Arriving at Metropolis, Clark Kent (now played by Kirk Alyn) immediately heads to the Daily Planet in search of a job. Perry White (Pierre Watkin) makes a deal with the inexperienced newbie reported that if he can get a story about a recent cola mine cave in, a story the other reporters Lois Lane (Noel Neill) and Jimmy Olsen (Tommy Bond) have failed to get, Kent will be hired. So, using his own super powers, and his rakish charm, Kent gets to the mine, gets in, and gets the story. This sets off a rivalry between Lane and Kent that is only exacerbated as an even bigger story comes to fruition: the evils plans of the Spider Lady and her machinations to get the most power device on the planet, the Reducer Ray.
Let's be up front about this: the serial is, at times, pretty hokey. The writing often sucks and there are long exchanges of dialogue that are so ham-fisted they go right past funny back to sad again. The whole sequence where Martha, Eben, and Clark talk about how he's going to become a hero, have a costume, and work as a reporter is just a constant, poorly written dump of exposition that makes it sound like the actors are just reading a list of bullet points off a cue card. At times the episodes get pretty bad.
Once the serial gets past the setup and we get into the meat of the story it does pick up some. I wouldn't say it improve tremendously, largely because this film is hobbled severely by its lack of budget and inability to really do Superman justice, but the actors at least fall into a casual chemistry and are able to sell their hokey dialogue a lot better than the performances we get in the first couple of episodes.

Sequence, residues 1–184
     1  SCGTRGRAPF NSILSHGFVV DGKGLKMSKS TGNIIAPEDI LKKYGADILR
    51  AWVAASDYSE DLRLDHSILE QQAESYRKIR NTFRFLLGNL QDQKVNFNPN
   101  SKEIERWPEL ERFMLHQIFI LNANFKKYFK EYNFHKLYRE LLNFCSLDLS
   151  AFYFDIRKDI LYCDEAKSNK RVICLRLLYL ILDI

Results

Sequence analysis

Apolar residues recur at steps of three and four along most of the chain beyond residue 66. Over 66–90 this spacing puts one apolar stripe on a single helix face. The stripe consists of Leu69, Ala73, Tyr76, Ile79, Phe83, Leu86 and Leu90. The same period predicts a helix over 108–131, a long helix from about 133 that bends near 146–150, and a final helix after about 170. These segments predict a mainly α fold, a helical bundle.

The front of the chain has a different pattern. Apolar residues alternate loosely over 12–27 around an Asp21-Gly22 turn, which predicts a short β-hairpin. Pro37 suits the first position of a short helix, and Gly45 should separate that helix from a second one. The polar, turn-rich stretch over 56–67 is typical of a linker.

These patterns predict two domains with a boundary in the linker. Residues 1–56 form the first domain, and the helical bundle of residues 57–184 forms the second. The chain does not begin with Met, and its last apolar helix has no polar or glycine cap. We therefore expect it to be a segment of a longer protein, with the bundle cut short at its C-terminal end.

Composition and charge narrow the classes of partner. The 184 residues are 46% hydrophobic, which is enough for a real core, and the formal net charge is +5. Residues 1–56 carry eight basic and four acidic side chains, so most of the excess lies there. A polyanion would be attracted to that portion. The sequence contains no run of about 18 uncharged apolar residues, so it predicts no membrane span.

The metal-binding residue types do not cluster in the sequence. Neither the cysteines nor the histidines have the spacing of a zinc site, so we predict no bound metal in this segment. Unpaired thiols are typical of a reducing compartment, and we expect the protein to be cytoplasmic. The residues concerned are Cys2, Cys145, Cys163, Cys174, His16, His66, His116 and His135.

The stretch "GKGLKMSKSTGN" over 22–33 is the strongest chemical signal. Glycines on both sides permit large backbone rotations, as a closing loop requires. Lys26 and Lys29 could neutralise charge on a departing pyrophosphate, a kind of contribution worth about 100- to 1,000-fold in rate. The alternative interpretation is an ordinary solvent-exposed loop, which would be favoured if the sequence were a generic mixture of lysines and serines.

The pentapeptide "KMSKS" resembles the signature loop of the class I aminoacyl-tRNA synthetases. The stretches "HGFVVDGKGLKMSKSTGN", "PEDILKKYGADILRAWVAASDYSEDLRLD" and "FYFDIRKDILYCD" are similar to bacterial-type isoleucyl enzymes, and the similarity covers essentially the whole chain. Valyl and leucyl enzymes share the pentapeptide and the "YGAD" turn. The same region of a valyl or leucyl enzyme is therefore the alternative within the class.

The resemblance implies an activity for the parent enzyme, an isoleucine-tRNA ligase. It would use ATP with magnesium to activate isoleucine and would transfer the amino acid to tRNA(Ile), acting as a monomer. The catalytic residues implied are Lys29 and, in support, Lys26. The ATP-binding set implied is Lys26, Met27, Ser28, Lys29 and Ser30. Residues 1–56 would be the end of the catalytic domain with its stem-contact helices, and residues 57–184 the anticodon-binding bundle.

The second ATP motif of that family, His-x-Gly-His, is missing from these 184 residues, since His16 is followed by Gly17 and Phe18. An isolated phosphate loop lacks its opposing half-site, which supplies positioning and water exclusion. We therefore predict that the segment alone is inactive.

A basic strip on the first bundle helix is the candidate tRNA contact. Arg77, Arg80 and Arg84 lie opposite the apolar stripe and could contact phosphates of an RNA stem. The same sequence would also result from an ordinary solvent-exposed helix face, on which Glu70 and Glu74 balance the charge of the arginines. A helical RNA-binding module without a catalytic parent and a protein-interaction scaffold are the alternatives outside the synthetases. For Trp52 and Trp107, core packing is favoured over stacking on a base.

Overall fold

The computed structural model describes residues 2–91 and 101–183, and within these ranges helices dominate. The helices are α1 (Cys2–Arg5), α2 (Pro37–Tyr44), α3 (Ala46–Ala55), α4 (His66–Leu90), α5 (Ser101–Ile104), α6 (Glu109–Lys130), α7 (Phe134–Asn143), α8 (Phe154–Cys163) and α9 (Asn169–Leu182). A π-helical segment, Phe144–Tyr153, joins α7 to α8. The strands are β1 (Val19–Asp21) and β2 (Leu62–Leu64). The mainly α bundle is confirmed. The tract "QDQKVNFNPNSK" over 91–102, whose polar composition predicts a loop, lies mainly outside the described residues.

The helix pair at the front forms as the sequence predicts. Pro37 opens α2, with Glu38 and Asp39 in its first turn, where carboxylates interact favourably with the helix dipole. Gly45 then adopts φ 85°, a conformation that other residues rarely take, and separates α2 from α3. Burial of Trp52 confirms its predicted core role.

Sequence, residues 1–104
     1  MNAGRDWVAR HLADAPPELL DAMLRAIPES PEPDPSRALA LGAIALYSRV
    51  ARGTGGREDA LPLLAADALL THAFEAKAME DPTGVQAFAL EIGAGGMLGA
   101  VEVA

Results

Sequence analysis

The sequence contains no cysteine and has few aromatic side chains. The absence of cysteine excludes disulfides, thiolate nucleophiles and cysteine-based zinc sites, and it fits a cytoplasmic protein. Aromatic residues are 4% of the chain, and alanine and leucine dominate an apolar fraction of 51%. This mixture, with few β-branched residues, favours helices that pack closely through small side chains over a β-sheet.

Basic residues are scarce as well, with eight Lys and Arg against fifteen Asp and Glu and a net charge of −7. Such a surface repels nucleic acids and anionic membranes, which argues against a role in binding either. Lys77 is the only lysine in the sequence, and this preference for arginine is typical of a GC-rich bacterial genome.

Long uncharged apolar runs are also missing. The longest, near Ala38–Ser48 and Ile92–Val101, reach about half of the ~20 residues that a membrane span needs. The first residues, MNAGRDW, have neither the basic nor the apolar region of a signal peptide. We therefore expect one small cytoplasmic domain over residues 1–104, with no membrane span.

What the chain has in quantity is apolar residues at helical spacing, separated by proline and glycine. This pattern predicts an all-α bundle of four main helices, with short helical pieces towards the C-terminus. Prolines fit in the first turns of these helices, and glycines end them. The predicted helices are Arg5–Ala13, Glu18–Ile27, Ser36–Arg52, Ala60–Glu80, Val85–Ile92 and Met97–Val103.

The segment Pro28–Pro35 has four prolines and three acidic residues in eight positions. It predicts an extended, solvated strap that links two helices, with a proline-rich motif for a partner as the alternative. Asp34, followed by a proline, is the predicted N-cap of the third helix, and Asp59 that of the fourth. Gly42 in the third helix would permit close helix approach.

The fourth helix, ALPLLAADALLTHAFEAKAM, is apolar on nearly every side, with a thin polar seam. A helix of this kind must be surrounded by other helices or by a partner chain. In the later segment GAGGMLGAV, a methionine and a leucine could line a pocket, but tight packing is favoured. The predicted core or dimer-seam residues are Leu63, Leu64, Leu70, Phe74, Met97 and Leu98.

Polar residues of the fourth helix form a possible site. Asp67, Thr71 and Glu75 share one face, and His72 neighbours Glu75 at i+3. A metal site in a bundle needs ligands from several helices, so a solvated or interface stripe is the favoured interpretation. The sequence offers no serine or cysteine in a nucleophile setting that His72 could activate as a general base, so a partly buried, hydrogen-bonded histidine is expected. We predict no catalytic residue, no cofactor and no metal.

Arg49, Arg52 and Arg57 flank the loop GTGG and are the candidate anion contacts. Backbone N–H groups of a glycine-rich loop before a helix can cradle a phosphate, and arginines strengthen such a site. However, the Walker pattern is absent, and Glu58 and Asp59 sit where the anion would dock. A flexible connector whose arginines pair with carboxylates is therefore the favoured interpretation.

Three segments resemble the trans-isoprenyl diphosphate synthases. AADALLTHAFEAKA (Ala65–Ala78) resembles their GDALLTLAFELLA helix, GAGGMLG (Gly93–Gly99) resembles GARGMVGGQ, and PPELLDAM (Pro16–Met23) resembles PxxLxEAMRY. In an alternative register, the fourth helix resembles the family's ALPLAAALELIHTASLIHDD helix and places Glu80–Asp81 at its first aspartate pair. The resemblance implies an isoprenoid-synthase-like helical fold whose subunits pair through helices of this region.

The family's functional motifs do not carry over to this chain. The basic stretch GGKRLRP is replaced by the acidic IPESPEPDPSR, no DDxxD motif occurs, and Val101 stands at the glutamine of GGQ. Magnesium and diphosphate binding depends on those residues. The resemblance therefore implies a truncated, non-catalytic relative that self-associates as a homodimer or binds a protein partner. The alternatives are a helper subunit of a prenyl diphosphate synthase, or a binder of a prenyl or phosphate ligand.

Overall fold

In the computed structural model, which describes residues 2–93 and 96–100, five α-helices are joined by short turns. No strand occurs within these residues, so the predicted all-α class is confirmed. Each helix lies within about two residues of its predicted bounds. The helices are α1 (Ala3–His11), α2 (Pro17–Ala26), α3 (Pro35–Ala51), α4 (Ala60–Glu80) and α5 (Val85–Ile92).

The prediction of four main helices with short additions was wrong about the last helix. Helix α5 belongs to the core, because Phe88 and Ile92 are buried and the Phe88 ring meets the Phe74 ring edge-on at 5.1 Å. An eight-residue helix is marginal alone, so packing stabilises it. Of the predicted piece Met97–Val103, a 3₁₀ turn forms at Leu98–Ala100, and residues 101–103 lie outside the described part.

Of note, Noel Neill and Tommy Bond are pretty solid as Lois Lane and Jimmy Olsen respectively. I like Neill's spunk here, delivering a Lois that's pretty cut-throat but is able to do it with a smile. Despite a guy that can fly while running around in his underwear, Neill is the real star here. I liked Bond's Olsen, though, and felt that for a criminally underwritten character (Jimmy Olsen never gets anything to do in any Superman story), Bond manages to sell Olsen's right level of heroism and boyish charm.
I also rather liked Carol Forman as the Spider Lady. If you don't know that villain, fear not: she was literally created for this film and has never been used again anywhere (from what I could find). She's basically a mob boss with a weird aesthetic and beyond wanting a very powerful device, the Reducer Ray (a device that is never properly explained and just sits as a bit of sci-fi kit for an era that really didn't understand sci-fi). Her character isn't all that interesting on paper, but Forman plays her with style and charisma. I wish the serial knew what to do with her, gave her more to do and made her more evil instead of basically putting her in one location (her evil base) to cut back to her once in a while, but she's at least performed well enough as a heavy to help the serial.